RESULTS: A total of 1565 studies were found, from which 3 studies with longitudinal data and 35 studies with cross-sectional data were included. Although longitudinal studies suggested that married men had lower frailty risks than unmarried men while married women had higher frailty risks than widowed women, meta-analysis was not possible because of different methodologies. Meta-analyses of cross-sectional data from 35 studies including 80,754 individuals showed that unmarried individuals were almost twice more likely to be frail than married individuals (pooled odds ratio = 1.88, 95% confidence interval = 1.70-2.07). A high degree of heterogeneity was observed (I2 = 69%) and was partially explained by reasons for not being married and study location. Stratified analyses showed that pooled risks of frailty in the unmarried compared with the married were not statistically different between women and women (P for difference = .62).
CONCLUSIONS AND IMPLICATIONS: Three and 35 studies, respectively, were found providing longitudinal and cross-sectional data regarding associations between marital status and frailty among community-dwelling older people. A meta-analysis of cross-sectional data showed almost twice higher frailty risk in unmarried individuals compared with married individuals. Marital status should be recognized as an important factor, and more longitudinal studies controlling for potential confounding factors are needed.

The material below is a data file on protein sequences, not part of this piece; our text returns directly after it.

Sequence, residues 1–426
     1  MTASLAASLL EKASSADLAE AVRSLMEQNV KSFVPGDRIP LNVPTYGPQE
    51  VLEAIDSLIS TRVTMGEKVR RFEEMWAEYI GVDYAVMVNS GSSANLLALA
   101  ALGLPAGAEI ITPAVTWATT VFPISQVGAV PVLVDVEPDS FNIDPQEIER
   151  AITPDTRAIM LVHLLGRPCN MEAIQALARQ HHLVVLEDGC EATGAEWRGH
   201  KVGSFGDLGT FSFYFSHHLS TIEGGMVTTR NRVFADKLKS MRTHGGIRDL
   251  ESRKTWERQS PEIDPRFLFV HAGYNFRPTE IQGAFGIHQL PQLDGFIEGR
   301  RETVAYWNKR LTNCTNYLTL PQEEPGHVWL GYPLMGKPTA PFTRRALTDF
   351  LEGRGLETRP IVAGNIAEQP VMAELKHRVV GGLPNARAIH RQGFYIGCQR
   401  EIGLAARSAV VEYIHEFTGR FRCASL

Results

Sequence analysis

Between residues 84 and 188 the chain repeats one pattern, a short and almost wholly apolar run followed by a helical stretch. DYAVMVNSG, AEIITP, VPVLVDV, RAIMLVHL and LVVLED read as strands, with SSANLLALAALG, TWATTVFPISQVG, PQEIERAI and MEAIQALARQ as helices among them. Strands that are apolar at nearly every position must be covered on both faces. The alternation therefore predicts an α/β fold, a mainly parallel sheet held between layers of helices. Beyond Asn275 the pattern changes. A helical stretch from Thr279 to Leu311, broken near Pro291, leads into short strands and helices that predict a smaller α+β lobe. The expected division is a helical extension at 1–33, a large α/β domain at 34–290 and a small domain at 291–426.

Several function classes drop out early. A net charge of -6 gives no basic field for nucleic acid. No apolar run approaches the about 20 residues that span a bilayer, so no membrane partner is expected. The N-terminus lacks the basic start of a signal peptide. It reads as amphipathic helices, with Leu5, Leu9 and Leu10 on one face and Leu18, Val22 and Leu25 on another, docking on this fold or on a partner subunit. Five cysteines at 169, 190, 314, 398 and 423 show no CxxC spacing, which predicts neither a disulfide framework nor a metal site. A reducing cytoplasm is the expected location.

Terminally ill cancer patients with limited life expectancies (LLEs) are often prescribed multiple medications to control acute symptoms associated with cancer such as dyspnoea, pain, nausea and vomiting, and anxiety. Medications are also commonly prescribed to prevent or treat other common, long-term comorbid conditions such as hypertension, diabetes mellitus and hyperlipidaemia. Early identification of unnecessary preventive medications at the end of life can improve quality of life. Limited research has investigated whether preventive medications are withdrawn in patients with terminal cancer. The aim of this project was to evaluate the prevalence of preventive medication use in terminally ill cancer patients with LLE of 6 months or less.
[Début de l'article]